Subject Matter Of Divisional Application IS Not Limited To What Was Claimed In The Parent

The High Court emphasizes that the Boehringer decision fundamentally reconstructs Section 16 without considering the phrase “disclosed in the provisional or complete specification already filed” and substituting it with the word “claims”. As a result, the Boehringer decision sets out a narrow requirement for the subject matter of the divisional patent applications to be limited to what was claimed in the parent application.

The Syngenta decision clarifies that Section 16(1) does not employ the expression “disclosed and claimed” or “claimed” in the provision, and only speaks of inventions “disclosed in the provisional or complete specification”. In addition, the High Court has made it clear that the precept of “what is not claimed is disclaimed” applies only in the context of infringement and has no application to drafting of claims.

Therefore, following this decision, unclaimed subject matter disclosed in the parent application can now be made the subject matter of one or more divisional patent applications in India, irrespective of whether a lack of unity objection is raised. However, the divisional application must of course still refer to a different invention disclosed in the parent provisional or complete specification already filed.

Question would be, what are the criteria to differentiate “different inventions”.

Criteria To Differentiate “Different Inventions”

The Appellant submits that the only proscription for filing of divisional patent application section 16 introduces is of there being no duplication of claims between the parent and the divisional application. Further, the Appellant cites the decision of Koninklijke Philips Electronics NV v. Nintendo of Europe GmbH ([2014] EWHC 1959), which explains the prohibition against double patenting between the two or more applications for a patent for the same invention having the same priority date, filed by the same applicant or his successor in title.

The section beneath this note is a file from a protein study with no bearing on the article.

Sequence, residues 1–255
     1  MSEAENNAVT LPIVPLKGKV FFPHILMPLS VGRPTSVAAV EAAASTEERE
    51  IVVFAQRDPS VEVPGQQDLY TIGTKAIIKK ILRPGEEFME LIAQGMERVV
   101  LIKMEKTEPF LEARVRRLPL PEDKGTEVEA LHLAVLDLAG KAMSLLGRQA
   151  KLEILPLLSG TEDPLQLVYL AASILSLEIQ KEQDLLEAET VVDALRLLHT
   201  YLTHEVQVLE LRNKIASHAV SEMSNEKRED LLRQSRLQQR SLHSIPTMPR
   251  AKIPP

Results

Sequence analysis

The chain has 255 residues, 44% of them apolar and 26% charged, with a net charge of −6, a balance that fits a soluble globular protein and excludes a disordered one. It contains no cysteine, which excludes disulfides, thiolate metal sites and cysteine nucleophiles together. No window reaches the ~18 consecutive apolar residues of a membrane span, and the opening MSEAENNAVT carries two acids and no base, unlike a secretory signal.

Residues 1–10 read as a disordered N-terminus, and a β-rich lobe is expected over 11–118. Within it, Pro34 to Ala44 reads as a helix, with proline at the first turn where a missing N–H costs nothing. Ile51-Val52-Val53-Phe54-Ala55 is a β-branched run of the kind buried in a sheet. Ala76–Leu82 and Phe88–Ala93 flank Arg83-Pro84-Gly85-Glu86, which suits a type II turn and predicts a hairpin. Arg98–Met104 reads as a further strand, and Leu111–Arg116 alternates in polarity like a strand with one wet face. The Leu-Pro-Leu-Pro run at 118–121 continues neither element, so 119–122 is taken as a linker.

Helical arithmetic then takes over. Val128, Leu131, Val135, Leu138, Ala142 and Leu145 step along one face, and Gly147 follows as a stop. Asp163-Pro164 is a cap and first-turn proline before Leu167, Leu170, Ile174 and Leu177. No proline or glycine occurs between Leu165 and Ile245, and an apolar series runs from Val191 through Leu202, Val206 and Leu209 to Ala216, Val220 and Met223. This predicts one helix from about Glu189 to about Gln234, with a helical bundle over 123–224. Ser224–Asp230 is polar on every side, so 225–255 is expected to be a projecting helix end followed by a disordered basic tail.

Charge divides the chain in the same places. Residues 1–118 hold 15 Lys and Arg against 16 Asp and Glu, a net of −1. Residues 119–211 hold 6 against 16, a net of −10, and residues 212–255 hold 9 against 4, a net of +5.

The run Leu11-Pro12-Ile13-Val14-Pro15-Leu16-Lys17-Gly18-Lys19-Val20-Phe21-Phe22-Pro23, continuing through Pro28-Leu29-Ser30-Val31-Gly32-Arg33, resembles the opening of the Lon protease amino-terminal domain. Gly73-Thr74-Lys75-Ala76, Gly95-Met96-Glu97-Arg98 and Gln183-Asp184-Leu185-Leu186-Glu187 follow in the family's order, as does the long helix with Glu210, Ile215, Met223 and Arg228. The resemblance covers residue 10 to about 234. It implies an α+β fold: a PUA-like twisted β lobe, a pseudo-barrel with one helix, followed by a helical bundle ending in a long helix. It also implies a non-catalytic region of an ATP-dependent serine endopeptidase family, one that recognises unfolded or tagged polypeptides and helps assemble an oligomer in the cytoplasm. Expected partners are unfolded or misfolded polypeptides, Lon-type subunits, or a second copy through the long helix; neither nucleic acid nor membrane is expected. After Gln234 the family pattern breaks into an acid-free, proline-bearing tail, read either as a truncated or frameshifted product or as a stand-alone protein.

The Delhi High Court (DHC) accepts the position of the cited decision above and agrees that patentee may have a legitimate interesting in obtaining a divisional patent with claims which are broader than but encompass the scope of a parent patent.

In view of the above guidance provided, this could mean that the “different inventions” in the context of the maintenance of divisional applications in India would be assessed based on the sole criteria of double patenting.

If this interpretation of the decision of the DHC is correct and followed by the Indian patent office, one could also speculate that it should be possible to file a voluntary divisional patent application for the purpose of keeping the pendency of the application in India, which was not possible previously.

Post Syngenta Decision: Claim Amendments

As discussed above, the High Court commented on the existing standards of “what is not claimed is disclaimed” which has no application to drafting of claims. This could be relevant for not only the filing of divisional patent applications, but also for other claim amendments made during prosecution in India.

If the same standard is read broadly into the context of claim amendments, Applicant may expect loosening restrictions at the Indian patent office for reintroducing claims which were previously cancelled during prosecution back into a pending claim set.

Source: Syngenta Limited v. Controller of Patents and Designs (471/2022), Delhi High Court, published judgement.